Alexandra Halaby, spokeswoman for the Palestinian news group International Middle East Media Center (IMEMC), told Middle East Eye that Azzeh began feeling chest pains in his home on Wednesday and needed medical help.

However, since Israeli forces do not allow ambulances into the closed off area near his house, Azzeh made his way to Bab al-Zawiya in order to find transportation to a hospital.

But intense clashes had broken out between local Palestinian youths and Israeli forces in the area, and Azzeh began "suffocating" from tear gas that soldiers had fired at protesters, Halaby told MEE.

He was finally picked up and brought to the hospital, but didn't survive, she added.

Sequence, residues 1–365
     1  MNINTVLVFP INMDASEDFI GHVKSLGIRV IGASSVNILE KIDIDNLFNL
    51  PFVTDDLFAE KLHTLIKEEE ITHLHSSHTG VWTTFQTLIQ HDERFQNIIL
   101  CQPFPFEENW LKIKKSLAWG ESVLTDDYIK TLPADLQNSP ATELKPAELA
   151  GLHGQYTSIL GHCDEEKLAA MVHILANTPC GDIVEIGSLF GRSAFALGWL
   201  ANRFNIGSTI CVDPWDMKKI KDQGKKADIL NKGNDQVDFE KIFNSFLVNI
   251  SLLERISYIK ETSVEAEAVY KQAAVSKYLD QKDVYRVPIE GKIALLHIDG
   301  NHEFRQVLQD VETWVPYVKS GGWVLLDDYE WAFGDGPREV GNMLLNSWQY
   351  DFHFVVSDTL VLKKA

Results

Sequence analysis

The clashes in the area came after two Palestinian teenagers were shot dead in the city on Tuesday evening following an alleged stabbing attack on an Israeli soldier.

An Israeli army spokeswoman told MEE she was familiar with reports of Azzeh's death, but said the military was in no way responsible and that he died of heart failure.

'There's no clinic, no ambulance'

Earlier this year, Middle East Eye interviewed the 54-year-old Hebronite, who told of a harsh life under Israeli occupation and pointed out the danger of living in an area that ambulances could not reach. To try and compensate for the lack of medical attention, Azzeh completed a first aid course and used to teach others in the community how to be first aid responders. 

“The Palestinians become crazy from this situation," Azzeh told MEE in March. "In order to get to your house, you need a permit, you need all your baggage checked. You can’t drive a car. There’s no clinic, no ambulance. You are harassed by soldiers all the time."